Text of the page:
Definitions

from The American Heritage® Dictionary of the English Language, 4th Edition

  • n. A small mass of soft material, often folded or rolled, used for padding, stuffing, or packing.
  • n. A compressed ball, roll, or lump, as of tobacco or chewing gum.
  • n. A plug, as of cloth or paper, used to retain a powder charge in a muzzleloading gun or cannon.
  • n. A disk, as of felt or paper, used to keep the powder and shot in place in a shotgun cartridge.
  • n. Informal A large amount: a wad of troubles.
  • n. Informal A sizable roll of paper money.
  • n. Informal A considerable amount of money.
  • transitive v. To compress into a wad.
  • transitive v. To pad, pack, line, or plug with wadding.
  • transitive v. To hold (shot or powder) in place with a wad.
  • transitive v. To insert a wad into (a firearm).
  • intransitive v. To form into a wad.

from Wiktionary, Creative Commons Attribution/Share-Alike License

  • n. An amorphous, compact mass.
  • n. A substantial pile (normally of money).
  • n. A soft plug or seal, particularly as used between the powder and pellets in a shotgun cartridge.
  • n. an ejaculate of semen.
  • n. Any black manganese oxide or hydroxide mineral rich rock in the oxidized zone of various ore deposits
  • v. To crumple or crush into a compact, amorphous shape or ball.
  • v. to wager

from the GNU version of the Collaborative International Dictionary of English

  • n. Woad.
  • n. A little mass, tuft, or bundle, as of hay or tow.
  • n. Specifically: A little mass of some soft or flexible material, such as hay, straw, tow, paper, or old rope yarn, used for retaining a charge of powder in a gun, or for keeping the powder and shot close; also, to diminish or avoid the effects of windage. Also, by extension, a dusk of felt, pasteboard, etc., serving a similar purpose.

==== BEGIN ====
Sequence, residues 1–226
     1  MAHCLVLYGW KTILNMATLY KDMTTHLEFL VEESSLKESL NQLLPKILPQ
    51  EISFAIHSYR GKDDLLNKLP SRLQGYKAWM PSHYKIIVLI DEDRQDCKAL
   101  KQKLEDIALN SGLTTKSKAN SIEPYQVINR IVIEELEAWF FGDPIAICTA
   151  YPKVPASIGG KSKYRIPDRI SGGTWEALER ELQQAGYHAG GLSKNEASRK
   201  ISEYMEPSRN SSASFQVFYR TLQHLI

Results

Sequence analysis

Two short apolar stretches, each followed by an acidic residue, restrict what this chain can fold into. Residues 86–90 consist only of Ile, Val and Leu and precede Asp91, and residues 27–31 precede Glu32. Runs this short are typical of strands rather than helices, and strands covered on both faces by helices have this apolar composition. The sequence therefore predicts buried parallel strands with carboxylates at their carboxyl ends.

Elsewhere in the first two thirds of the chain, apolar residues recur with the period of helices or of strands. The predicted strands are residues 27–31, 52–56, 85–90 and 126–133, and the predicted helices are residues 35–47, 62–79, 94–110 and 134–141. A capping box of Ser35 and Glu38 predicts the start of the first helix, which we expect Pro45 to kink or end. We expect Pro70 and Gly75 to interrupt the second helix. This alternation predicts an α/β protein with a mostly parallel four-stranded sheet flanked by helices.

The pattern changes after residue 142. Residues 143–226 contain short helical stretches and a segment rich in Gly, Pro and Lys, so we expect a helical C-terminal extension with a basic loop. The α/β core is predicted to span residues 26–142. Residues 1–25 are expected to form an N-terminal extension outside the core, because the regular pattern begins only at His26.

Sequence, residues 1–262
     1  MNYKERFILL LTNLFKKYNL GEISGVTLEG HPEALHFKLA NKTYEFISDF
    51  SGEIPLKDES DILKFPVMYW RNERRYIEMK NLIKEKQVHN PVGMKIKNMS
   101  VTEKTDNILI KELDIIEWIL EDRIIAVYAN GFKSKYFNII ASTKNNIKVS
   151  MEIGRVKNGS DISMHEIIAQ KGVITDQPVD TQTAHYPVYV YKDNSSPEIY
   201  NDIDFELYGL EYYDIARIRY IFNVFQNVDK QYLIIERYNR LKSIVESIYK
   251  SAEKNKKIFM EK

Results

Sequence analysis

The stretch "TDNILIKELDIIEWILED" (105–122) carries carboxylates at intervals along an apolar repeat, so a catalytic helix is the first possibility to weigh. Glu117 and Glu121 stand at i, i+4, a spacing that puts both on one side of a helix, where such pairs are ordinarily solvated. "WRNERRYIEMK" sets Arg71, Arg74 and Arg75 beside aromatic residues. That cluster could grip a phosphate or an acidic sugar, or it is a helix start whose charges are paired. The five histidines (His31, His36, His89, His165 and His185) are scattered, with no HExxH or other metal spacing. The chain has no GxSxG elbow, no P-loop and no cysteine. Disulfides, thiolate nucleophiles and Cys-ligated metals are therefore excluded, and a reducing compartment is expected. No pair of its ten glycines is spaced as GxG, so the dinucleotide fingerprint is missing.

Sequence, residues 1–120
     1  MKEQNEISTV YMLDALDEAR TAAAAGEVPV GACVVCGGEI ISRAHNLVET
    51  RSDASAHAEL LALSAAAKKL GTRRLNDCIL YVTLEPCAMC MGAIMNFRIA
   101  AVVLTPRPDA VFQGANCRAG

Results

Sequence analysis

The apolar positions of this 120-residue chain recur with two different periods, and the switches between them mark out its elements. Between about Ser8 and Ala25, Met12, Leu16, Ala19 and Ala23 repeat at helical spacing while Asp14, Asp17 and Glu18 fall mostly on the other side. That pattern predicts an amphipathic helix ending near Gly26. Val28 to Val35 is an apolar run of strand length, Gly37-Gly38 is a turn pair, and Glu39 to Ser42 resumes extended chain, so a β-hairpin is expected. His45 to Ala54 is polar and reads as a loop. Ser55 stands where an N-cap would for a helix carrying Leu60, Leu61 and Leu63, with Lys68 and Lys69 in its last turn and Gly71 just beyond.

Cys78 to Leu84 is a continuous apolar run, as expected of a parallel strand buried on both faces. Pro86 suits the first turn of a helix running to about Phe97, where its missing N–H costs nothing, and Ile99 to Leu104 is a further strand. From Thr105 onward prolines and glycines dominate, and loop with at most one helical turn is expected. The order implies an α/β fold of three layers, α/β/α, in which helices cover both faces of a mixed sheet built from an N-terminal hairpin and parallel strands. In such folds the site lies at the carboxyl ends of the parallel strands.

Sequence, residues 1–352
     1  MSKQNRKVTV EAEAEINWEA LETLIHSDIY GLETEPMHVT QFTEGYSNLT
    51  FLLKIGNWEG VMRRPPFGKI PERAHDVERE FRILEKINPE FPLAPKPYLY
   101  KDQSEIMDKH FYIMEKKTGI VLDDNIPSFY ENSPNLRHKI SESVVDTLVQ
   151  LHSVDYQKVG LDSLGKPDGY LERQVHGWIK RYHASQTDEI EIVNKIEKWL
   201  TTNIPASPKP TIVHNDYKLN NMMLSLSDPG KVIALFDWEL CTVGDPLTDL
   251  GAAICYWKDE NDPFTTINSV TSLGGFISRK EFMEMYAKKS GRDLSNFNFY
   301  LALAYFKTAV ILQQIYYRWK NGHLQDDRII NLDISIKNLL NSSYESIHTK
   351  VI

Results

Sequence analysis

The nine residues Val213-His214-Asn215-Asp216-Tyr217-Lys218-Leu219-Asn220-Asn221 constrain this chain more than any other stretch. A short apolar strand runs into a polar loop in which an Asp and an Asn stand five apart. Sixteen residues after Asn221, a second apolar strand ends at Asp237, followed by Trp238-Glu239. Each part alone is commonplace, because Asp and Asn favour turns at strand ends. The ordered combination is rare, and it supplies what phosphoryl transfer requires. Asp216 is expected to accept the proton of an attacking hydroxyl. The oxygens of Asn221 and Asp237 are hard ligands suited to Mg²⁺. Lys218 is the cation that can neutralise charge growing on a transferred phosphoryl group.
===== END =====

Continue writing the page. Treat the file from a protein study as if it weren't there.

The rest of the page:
• n. A soft mass, especially of some loose, fibrous substance, used for various purposes, as for stopping an aperture, padding a garment, etc.
  • n. An earthy oxide of manganese, or mixture of different oxides and water, with some oxide of iron, and often silica, alumina, lime, or baryta; black ocher. There are several varieties.
  • n. Plumbago, or black lead.
  • transitive v. To form into a mass, or wad, or into wadding.
  • transitive v. To insert or crowd a wad into; ; also, to stuff or line with some soft substance, or wadding, like cotton.

from The Century Dictionary and Cyclopedia

  • To form into a wad or into wadding; press together into a mass, as fibrous material.
  • To line with wadding, as a garment, to give more roundness or fullness to the figure, keep out the cold, render soft, or protect in any way.
  • To pad; stuff; fill out with or as with wadding.
  • To put a wad into, as the barrel of a gun; also, to hold in place by a wad, as a bullet.
  • A Scotch form of wed.
  • A Scotch form of would.
  • n. A small bunch or wisp of rags, hay, hair, wool, or other fibrous material, used for stuffing, for lessening the shock of hard bodies against each other, or for packing.
  • n. Specifically, something, as a piece of cloth, paper, or leather, used to hold the powder or bullet, or both, in place in a gun or cartridge.
  • n. In ceramics, a small piece of finer clay used to cover the body of an inferior material in some varieties of earthenware; especially, the piece doubled over the edge of a vessel.
  • n. An obsolete or dialectal form of woad.